tint, tone or shade
The different ways of transforming hues into a variety of colors. A tint is a hue mixed with white, while a shade is a hue mixed with black. A tone mixes a hue with black and white.
creating a color scheme
Once you’ve got all the color theory lingo down, you can start using your knowledge to build out schemes. A color scheme is simply the way you combine or arrange colors:
A palette comprising just one hue, with different tones or shades. Think Oreo’s different shades of blue.
A palette made from colors that appear next to each other on the color wheel. These combinations tend to be particularly harmonious, as seen in agricultural giant John Deere’s palette of greens and yellow.
A color scheme comprising colors that are opposite each other on the color wheel. If used on top of each other — for example, by applying red text to a green background — they will clash. But when used side-by-side they can help you create something that stands out. Think 7-Up’s logo.
Also known as ‘split-complementary,’ this palette takes two adjacent colors on the wheel, and matches them with a color on the opposite side.
A palette built from three colors taken from evenly-spaced parts of the wheel. Burger King’s red, blue and yellow is a classic example.
choosing and testing your palette
Once you’ve fully understood the color wheel and scheme options, it’s time for the fun part. Playing around with different palettes based on your dominant colors.
If you’re finding it hard to choose a definitive final palette, test out a few of your favorite combinations. You might find you haven’t picked colors with enough impact (for example, if you’ve chosen a monochromatic palette), or ones which don’t look the same when they appear in print and online.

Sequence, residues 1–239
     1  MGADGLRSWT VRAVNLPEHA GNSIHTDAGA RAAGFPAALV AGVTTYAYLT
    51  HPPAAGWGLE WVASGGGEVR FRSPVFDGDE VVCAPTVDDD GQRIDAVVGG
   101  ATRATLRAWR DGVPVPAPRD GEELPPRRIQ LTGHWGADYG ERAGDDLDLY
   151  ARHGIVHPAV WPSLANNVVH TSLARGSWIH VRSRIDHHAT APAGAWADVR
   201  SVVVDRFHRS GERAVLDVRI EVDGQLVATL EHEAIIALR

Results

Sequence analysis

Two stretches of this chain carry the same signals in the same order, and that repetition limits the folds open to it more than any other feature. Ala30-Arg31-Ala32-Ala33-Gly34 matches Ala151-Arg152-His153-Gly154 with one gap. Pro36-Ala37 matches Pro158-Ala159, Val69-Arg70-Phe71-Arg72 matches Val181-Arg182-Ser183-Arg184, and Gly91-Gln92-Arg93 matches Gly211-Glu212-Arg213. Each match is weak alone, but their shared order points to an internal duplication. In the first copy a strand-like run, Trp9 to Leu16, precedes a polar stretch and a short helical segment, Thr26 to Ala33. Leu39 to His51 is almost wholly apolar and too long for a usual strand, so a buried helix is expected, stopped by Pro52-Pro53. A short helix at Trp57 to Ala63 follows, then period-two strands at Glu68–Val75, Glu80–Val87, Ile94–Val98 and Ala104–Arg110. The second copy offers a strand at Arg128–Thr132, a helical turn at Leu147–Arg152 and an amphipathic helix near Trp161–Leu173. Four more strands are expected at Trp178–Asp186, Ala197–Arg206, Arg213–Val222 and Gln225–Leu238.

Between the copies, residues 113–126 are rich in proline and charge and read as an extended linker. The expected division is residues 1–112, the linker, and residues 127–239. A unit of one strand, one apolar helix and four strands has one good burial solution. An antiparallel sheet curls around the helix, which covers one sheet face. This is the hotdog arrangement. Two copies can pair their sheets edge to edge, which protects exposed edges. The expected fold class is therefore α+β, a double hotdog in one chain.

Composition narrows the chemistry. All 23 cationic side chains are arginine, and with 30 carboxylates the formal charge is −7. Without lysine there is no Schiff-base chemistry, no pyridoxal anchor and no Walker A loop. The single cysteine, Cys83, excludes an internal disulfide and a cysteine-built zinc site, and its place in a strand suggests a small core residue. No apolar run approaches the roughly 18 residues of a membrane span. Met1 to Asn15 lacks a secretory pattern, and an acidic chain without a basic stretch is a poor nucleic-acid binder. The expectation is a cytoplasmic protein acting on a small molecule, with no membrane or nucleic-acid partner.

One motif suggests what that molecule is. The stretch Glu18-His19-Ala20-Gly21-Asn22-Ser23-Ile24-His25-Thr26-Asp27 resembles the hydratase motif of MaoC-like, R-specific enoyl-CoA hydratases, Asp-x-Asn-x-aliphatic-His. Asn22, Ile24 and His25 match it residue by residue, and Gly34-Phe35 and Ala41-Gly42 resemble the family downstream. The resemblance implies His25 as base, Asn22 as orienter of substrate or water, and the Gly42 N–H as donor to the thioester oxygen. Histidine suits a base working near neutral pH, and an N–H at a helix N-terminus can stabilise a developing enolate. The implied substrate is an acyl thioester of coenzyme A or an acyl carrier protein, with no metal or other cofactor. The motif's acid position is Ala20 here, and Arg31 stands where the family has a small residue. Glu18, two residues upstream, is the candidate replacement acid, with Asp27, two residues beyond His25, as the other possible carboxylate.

It’s also worth researching how your colors compare to those of your competitors — too similar to competing brands, and you risk getting lost in the crowd. For example, in France and Germany yellow denotes envy, whereas in the UK green is a traditionally envious color.
The colors you choose can have a huge impact on the visibility of your business. Red Bull’s palette, intact since its launch in 1987, is so integral to the brand that seeing silver, red, yellow and blue together instantly brings the energy drink to mind.
If you choose your palette carefully using these guidelines, you can use your brand’s colors with complete confidence.
Ready to take it a step further?
5. work those keywords
There’s a special art to finding quality images from a diverse stock library. The search terms you use can really make the difference between hours of scouring and a quick decision-making process. Using a ‘long tailed’ search, with multiple keywords, will help you narrow down a search quickly. You can also choose to exclude certain keywords, which can be as important as keywords you leave in.
Finally, make full use of the stock image site’s filters when you start a search. On larger sites, the filtering tools can be impressively detailed. They’ll cover everything from image orientation, to aspect ratio, country of origin or number of people featured. Shutterstock is well-known for its filtering tools. You can even fine-tune your search down to ethnicity, age, and gender!
6. use all your senses to find content that pops
Texture and sensory cues can be powerful in stock images. Whether you’re designing an event flyer, an email graphic, a webpage or a business card. A snuggly-looking blanket, a vase of fresh flowers or a luscious-looking cheesecake will generate positive associations. On the flipside, photos taken in dated or cheap-looking interiors, or posed with unappealing props can make an image that’s otherwise right feel wrong for your clients.
Quick Tip: Always choose the highest resolution available within your budget. This will give you a lot of options for zooming and cropping your images. It will also make sure you avoid the dreaded pixelated look.
For more tips on branding, try our guide on rebranding!